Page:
RALEIGH, N.C. — Now that he has survived his campaign corruption trial, John Edwards may face an even tougher fight to regain the public's respect.
Image experts and friends recommended that the disgraced former Democratic presdential candidate put his public and political life on hold for a few years. The details of his affair and child with his mistress that were replayed at his trial are too fresh, they say.
"Plant a small garden, tend that garden and wait and listen," said Wade Smith, an attorney who hired Edwards when he was a young attorney and represented him before the trial.
Then a number of things might be possible – a legal career representing breast cancer patients, and the poor, or life as a stay-at-home father. But not a career in politics, ever.
"I think John Edwards has no political future. Nada, zip," said Emory University political science professor Merle Black. "I can't think of any Democrat in the country that would want to be on the same stage with John Edwards."
Jurors said they put aside Edwards' transgressions and focused on prosecutors' lack of evidence when they acquitted him on one count of illegally accepting campaign contributions and deadlocked on five other charges. Edwards was accused of orchestrating a plan to use money from campaign donors to hide his mistress, Rielle Hunter, while he ran for the White House.
Only time will tell if he can rehabilitate his image from sex scandals like other high-profile politicians, such as former President Bill Clinton, ex-New York Gov. Eliot Spitzer and former House Speaker Newt Gingrich.
"I would tell him to disappear and take care of his family," said Gary Pearce, a former political consultant who helped Edwards win a U.S. Senate seat in 1998. "There is arguably no man in public life more despised than he is."
Edwards wasn't specific about his future plans as he spoke Thursday outside the federal courthouse in Greensboro.
"I don't think God's through with me," Edwards said. "I really believe he thinks there's still some good things I can do and whatever happens with this legal stuff going forward, what I'm hopeful about is all those kids that I've seen, you know in the poorest parts of this country and some of the poorest parts in the world that I can help them."
Friends said they were not exactly sure what he had in mind when he mentioned the poor. He helped develop the University of North Carolina School of Law's Center for Poverty, Work and Opportunity, which helps advocates for proposals and policies to lessen poverty across the nation.
Edwards also spoke about his current daily routine – making breakfast and sending his 14-year-old daughter Emma Claire and his 12-year-old son Jack to school. He even mentioned his late 16-year-old son Wade, who died in a 1996 auto accident. And he talked publicly about his daughter with Hunter for the first time, saying he loved Frances Quinn Hunter "more than any of you can ever imagine."
His relationship with Hunter is less clear. After Edwards finished his statement, a tabloid reporter asked Edwards if he still loved Hunter and whether he planned to marry her. Edwards bowed his head slightly and turned away without acknowledging the question. His daughter, Cate, who looks much like her mother, shot the reporter a steely gaze.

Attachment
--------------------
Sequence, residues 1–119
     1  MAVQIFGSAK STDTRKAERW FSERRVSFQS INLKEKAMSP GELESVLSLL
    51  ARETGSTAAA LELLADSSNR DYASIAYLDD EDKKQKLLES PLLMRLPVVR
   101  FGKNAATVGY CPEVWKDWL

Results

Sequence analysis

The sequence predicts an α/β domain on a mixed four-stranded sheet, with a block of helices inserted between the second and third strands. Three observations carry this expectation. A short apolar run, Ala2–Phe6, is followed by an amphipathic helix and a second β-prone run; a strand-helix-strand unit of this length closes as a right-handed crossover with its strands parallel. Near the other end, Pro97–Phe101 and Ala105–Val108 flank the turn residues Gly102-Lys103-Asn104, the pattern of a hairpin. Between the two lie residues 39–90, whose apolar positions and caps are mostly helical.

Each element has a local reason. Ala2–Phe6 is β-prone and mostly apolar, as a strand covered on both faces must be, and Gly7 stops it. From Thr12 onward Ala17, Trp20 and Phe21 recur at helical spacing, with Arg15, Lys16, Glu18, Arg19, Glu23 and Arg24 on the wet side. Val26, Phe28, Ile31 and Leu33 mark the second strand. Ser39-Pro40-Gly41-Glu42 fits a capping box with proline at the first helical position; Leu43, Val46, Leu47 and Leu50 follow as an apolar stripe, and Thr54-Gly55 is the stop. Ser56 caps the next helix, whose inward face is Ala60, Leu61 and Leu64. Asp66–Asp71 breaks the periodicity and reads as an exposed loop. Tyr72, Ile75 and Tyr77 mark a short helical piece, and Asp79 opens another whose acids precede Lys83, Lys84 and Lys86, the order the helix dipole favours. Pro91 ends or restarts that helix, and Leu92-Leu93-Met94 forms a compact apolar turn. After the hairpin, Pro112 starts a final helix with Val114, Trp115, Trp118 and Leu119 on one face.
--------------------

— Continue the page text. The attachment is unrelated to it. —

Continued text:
No one answered the door at Hunter's home in Charlotte after the mistrial was declared. Edwards has said he has been providing financial support for his daughter with Hunter ever since he acknowledged he was her father in 2010.
His personal financial worth isn't known. While he made millions as a personal injury lawyer, he hasn't practiced law in more than a decade and his law license is inactive.
Media consultant Bill Hillsman, president of North Woods Advertising in Minneapolis, said Edwards could do pro bono legal work for breast cancer, the disease that killed his wife, Elizabeth, or work on poverty issues.
Edwards can rehabilitate his image, Hillsman said. "I'm certain of it on a national scale," he said. "I don't know if he could do that in North Carolina."
According to testimony at his trial, Edwards has spoken to friends about his dream of opening a law firm specializing in representing low-income and indigent clients.
Black, of Emory, said it might be difficult for Edwards to practice law again because opposing lawyers could talk about his public lies about the Hunter affair.
Whatever he does, Edwards should eschew cameras, microphones and Twitter, said Harlan Loeb, a crisis management expert in Chicago. Edwards could change his public story by the work he does out of the spotlight, he said.
"He needs to do a considerable amount of work over a sustained period of time," Loeb said.
It might take even longer for people to forget how far the U.S. senator, vice presidential nominee and Democratic presidential contender fell from grace.
"We had such high hopes of him. He represented regular people against corporations. He was long married to a woman who didn't look like a trophy wife," said celebrity attorney Gloria Allred. "He had charisma, personality, commitment and experience. He had so much farther to fall so the disappointment is much greater."
Smith, Edwards' friend for about 30 years, said there's still hope, and forgiveness ahead, for Edwards.
"The people of this country are a forgiving people and they understand that folks make terrible mistakes, that people get themselves in awful messes," Smith said.
"He has a lot going for him, a lot of ability. The time will come when there will be things for him to do that will be worthwhile, and he will know what they are if he will be quiet and listen."
Associated Press writer Johnny Clark in Atlanta contributed to this report.
Martha Waggoner can be reached at . Follow AP writer Michael Biesecker at twitter.com/mbieseck. http://twitter.com/mjwaggonernc